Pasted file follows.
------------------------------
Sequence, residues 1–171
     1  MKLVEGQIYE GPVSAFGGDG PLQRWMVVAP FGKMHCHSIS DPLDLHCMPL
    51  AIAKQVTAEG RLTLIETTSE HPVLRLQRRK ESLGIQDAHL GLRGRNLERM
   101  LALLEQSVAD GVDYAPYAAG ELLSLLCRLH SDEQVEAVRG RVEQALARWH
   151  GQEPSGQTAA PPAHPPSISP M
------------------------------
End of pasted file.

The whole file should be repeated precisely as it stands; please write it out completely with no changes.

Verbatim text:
Sequence, residues 1–171
     1  MKLVEGQIYE GPVSAFGGDG PLQRWMVVAP FGKMHCHSIS DPLDLHCMPL
    51  AIAKQVTAEG RLTLIETTSE HPVLRLQRRK ESLGIQDAHL GLRGRNLERM
   101  LALLEQSVAD GVDYAPYAAG ELLSLLCRLH SDEQVEAVRG RVEQALARWH
   151  GQEPSGQTAA PPAHPPSISP M